But after the long dry spell, ranchers on Maui were already contemplating action, Robello said. They may have to buy grass bales to feed livestock. Calves can weigh as much as 100 pounds less when they are sold, bringing in less money. Ranchers may cull their herds, and because of the overall decline in health, insemination rates drop, meaning fewer calves down the road, Robello said.

On Maui, axis deer, which unlike deer on the mainland feed mostly on grass, compete with livestock for forage. And they’re adept at jumping over fences, Robello said, so a green patch that a rancher had hoped to save to the lean days of August can get gobbled up.

The December deluge, meanwhile, did more damage than good, he said, with much of the water running off. The drier parts of Maui lack the infrastructure of weirs and dams needed to capture run-off from huge storms. “Our systems are not designed for that,” Robello said. 

An aerial survey in March of the ohia forest on Oahu showed the tree crowns looking less healthy than they had six months ago, when the canopy was lush and green, said Rob Hauff, state protection forester for the Department of Land and Natural Resources. The likely culprit, he said, is pests that find it easier to get a foothold when the trees are weakened by dry weather. 

Although the state has not surveyed them, naio trees on the Big Island are also susceptible to pests in drought, Hauff said. The state usually plants endangered species during the wet season when they have the best chance of thriving, he said, and though it’s too early to tell, the stretch of dry weather probably didn’t help.

Earlier this month, the State Commission on Water Resource Management advised Maui residents to reduce water use.

“Streams that are normally gushing with water are barely flowing,” the commission’s deputy Kaleo Manuel said in a press release, including some that were approaching the lowest flows ever recorded.

Water suppliers — especially those that depend on surface water rather than aquifers — also have felt the squeeze. On Maui, that means water customers in Upcountry, the central valley and West Maui. Residents were urged to stop watering landscaping and washing cars, and to take shorter showers and turn off the faucet while brushing teeth.

The commission also warned about the danger of wildfires.

Even on Oahu, whose water comes from an aquifer, the lack of rain is having an impact. The Board of Water Supply asked residents to cut water use by 10% after some of its wells showed an increase in chloride, which indicates stress on the water supply. Some of this resulted from BWS shutting down another well to avoid sucking in water contaminated by the Navy’s Red Hill fuel storage facility, but it was also because of low rainfall.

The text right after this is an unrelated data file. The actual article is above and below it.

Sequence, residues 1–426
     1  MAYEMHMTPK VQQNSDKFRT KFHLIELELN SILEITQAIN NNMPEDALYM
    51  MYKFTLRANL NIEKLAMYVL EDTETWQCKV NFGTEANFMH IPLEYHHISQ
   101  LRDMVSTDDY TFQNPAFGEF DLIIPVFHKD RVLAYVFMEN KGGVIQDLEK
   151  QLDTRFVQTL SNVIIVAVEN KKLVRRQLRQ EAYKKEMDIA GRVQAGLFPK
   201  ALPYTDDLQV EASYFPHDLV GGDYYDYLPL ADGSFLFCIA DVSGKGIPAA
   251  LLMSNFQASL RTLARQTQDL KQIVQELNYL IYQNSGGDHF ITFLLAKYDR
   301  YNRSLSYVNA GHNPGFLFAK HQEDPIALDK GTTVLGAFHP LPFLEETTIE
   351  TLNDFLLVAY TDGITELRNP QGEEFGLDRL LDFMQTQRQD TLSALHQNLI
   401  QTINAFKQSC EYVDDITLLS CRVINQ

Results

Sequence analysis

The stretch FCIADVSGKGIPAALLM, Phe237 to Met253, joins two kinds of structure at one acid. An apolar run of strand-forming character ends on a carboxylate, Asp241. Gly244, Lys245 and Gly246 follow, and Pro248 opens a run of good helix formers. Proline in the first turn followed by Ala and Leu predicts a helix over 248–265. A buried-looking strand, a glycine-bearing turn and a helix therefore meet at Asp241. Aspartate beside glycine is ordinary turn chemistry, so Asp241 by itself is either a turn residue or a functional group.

The National Drought Mitigation Center at the University of Nebraska-Lincoln offers a ground-level view of the season’s progress, with weather observers across the country reporting on local conditions.

“Had to irrigate all our subtropical landscaping this week except the lawn and grove of Podocarpus, which are managing to stay green from the occasional rain showers,” an observer from Honokaa on the Big Island reported March 19. “Most afternoons are overcast, but rarely do we get any rain out of the clouds.”

But recent days have offered some hope.

“Received some drenching rain over the past week, rejuvenating the lawn, trees and shrubs,” the same observer noted on Saturday. “New plantings are growing quickly.” Still, the observer noted, “Only a third the amount of rain we received last March.”

sun sets off of Waikiki
The dry weather has led to an abundance of red sunsets, like this one in November. John Hill/Civil Beat/2021

Less rain means fewer of Hawaii’s trademark rainbows, which are especially plentiful in the winter because of more moisture, but also because the sun traces a lower arc in the sky, said Steven Businger, professor of atmospheric sciences at UH Manoa. The critical angle is 42 degrees above the horizon.

“In the winter, you have a lot more time when the sun is below that critical angle,” he said.

But despite the rainbow drought, the winter has been marked by more than the normal number of fiery red sunsets and green flashes, he said, “providing the spiritual sustenance we all expect in Hawaii.”

Civil Beat’s coverage of climate change is supported by the Environmental Funders Group of the Hawaii Community Foundation, Marisla Fund of the Hawaii Community Foundation and the Frost Family Foundation.